I love anything lemon, and this tea cookie is the best!
Years ago I made a cookie called High Tea Lemon Cookie. They were good but could have been a little more lemony and a little less crumbly or at least not fall apart before getting in your mouth. That recipe was made with 1 1/2 cups of cornstarch and to me not quite sweet enough.
My sister and I first put the High Tea Lemon Cookie in one of our cookbooks we did together (self-published so no longer around) 30 years ago. I’ve made that recipe numerous times and finally decided to try and rework the ingredients for a sweeter little firmer cookie.
Have you ever wanted a recipe so bad you’d do almost anything to get it. Well, I was watching an episode of Top Chef on Bravo and one of the challenges was a Kentucky Derby party and one of the contestants, Kelsey Barnard Clark, made her Puppy Chow Key Lime Crunch.
So, before the show was even over I was in bed trolling the internet fo find the recipe. I guess everyone else who watched that show was doing the same thing. Finally KBC put a recipe (kind of) on her facebook pages with ingredients but she was using 5 pounds of white chocolate and I knew I was going to have to scale down and I changed a few of the ingredients. Then I came across on on Ritzymom.com and made my own adjustments to her recipe.
Crunchy, coconuty, delicious, what more can I say.
I don’t talk about failures very often because I don’t have a lot of them. When I do make a mistake, I never make it again. Let me tell you what recently happened.
When we went to Austin back in February for our grandson, Frankie’s, first birthday celebration I took along some beautiful little caterpillar sugar cookies all decorated with green royal frosting, yellow polka dots along with eyes and even little mustaches. Four of our six grandsons were at the party and they loved the cookies (not sure if Frankie got to eat one or not) and I promised Milo and Donovan that when we picked them up the next weekend to see a local production of The Hunchback of Notre Dame that I would have some some more cookies made — Fish and Dolphins.
I love David Lebovitz blog Living The Sweet Life In Paris. We were in Paris and southern France back in 2012. Paris was kind of a blur with two bad knees that didn’t know then that in 3 months they would be replaced. So many restaurants, good food, stops in the afternoon for frites and wine or macarons that it’s hard to remember that trip unless I go back and read my journal about all the great food we had and all the interesting things we saw.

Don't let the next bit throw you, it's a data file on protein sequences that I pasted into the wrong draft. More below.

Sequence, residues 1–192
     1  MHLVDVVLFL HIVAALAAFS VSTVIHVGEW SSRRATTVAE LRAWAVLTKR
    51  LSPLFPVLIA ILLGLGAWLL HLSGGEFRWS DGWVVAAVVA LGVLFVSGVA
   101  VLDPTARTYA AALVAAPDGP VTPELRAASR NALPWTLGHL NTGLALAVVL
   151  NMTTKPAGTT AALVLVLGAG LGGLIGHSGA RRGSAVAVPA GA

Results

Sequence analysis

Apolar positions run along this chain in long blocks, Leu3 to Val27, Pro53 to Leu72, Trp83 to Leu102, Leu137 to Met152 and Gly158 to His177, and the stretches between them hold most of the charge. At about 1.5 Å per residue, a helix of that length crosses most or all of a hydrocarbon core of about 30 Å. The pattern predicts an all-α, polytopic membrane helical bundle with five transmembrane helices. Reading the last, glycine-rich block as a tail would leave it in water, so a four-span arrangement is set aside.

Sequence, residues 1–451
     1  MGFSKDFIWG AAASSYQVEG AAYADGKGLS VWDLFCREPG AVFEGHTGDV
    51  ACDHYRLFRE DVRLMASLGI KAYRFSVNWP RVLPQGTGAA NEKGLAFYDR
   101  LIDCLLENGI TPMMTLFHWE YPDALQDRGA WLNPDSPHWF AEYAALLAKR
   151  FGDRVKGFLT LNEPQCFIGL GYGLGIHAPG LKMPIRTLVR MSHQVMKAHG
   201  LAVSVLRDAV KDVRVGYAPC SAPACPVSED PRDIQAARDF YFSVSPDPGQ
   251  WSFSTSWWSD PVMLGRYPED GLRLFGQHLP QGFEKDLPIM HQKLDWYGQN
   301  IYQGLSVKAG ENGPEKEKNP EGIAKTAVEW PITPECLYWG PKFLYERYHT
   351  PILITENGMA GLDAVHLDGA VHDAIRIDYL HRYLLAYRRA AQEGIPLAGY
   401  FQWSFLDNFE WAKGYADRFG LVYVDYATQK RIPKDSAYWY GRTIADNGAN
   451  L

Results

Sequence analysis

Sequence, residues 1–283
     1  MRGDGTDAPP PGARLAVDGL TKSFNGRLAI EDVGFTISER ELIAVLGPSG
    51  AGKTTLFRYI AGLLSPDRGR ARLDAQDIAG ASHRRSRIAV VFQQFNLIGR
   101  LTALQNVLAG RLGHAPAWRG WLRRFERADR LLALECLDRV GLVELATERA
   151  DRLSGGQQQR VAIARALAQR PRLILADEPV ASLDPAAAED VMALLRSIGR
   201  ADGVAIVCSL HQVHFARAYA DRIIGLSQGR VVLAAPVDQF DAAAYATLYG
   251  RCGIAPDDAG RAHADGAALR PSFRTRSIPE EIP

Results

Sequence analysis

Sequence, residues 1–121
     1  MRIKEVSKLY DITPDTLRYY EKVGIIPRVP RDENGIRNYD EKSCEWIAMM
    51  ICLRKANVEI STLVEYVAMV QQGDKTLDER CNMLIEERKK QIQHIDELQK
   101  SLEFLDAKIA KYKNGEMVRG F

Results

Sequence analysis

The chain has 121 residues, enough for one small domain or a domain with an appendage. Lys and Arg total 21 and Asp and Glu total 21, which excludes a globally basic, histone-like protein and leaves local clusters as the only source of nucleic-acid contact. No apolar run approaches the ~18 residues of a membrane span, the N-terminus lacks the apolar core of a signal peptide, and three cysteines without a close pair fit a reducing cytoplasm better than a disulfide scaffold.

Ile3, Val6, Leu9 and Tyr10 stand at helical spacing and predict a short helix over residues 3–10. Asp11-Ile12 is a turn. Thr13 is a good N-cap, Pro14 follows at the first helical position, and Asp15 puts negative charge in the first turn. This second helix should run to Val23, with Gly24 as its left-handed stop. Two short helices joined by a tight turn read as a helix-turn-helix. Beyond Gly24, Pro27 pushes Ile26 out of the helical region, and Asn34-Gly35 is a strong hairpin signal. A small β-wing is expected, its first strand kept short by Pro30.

Through David’s blog I can see Paris through his eyes. He has authored seven cookbooks and his blog is full of information about cooking classes, vacationing in Paris and much much more. I’m always excited to get an email with his newest post to his blog.
So, when this Chocolate Chocolate Chip Cookie popped up one day I knew exactly who I was going to make it for. We have a friend, Gordon, who is a chocolateholic and these are his favorite cookies that he usually buys at Randall’s grocery and then hides them from his wife so he can have them all to himself. I do not blame him on these cookies, they are that good you will be hiding them too.
Don’t you just love Valentine’s Day. For some it is a good excuse to go out to dinner or to give someone special a gift, some red roses, or box of candy. For me it is a challenge to cook a new recipe and come up with a very nice dessert.
Back in the day when schools allowed parties for all occasions plus birthday parties, there were room moms just waiting to sign up to bring homemade treats. Valentine’s Day was my favorite holiday when I was a kid and when I volunteered as a room mom for my kids.
In our younger years we (seem to always refer to myself as “we” since I have a twin sister) made valentine boxes to put our valentines in that we would be getting from fellow classmates. I particularly remember one year my mother helping me make ruffles of pink and red crepe paper to glue to my shoe box with a hole cut in the top. I’m sure for the party we had red punch, lots of candy and there were always cupcakes and more than likely we were all wired from all the sugar before we got home; but guess what, we survived.
Cats, ghost, witches, colored leaves, pumpkins, turkeys, falling leaves, the smell in the air are signs of fall and the holidays to come. I just love fall because I know those hot days of summer are behind us and we will start having a little chill in the air in the evenings. Thanksgiving is one of my favorite holidays and I think that’s because it’s the easiest meal I ever put together.
Thanksgiving is all about pumpkins and I’m not even a pumpkin pie fan. Pumpkin bread, pumpkin bread pudding, pumpkin tomato soup and these pumpkin cookies should be on your list of things to try for the holidays. I even bought a pumpkin piñata which I’m filling with candy and toys for the four little grandsons to bang away at.
One of the good things about these cookies is you can make these ahead and freeze them and bake them when you want a hot treat to go with your cup of tea (or coffee) in the morning or for an afternoon snack. They are fantastic and make my mouth water thinking about the ginger, nutmeg and cinnamon that spice up these little cookies and the dough has molasses in it which gives the cookies a deep brown color. I normally use a 3″ cookie cutter but the day I made these I knew I was going to be taking them to craft circle to share so I wanted to get as many out of a recipe as I could. I ended up tripling the recipe and each recipe makes about 24 cookies.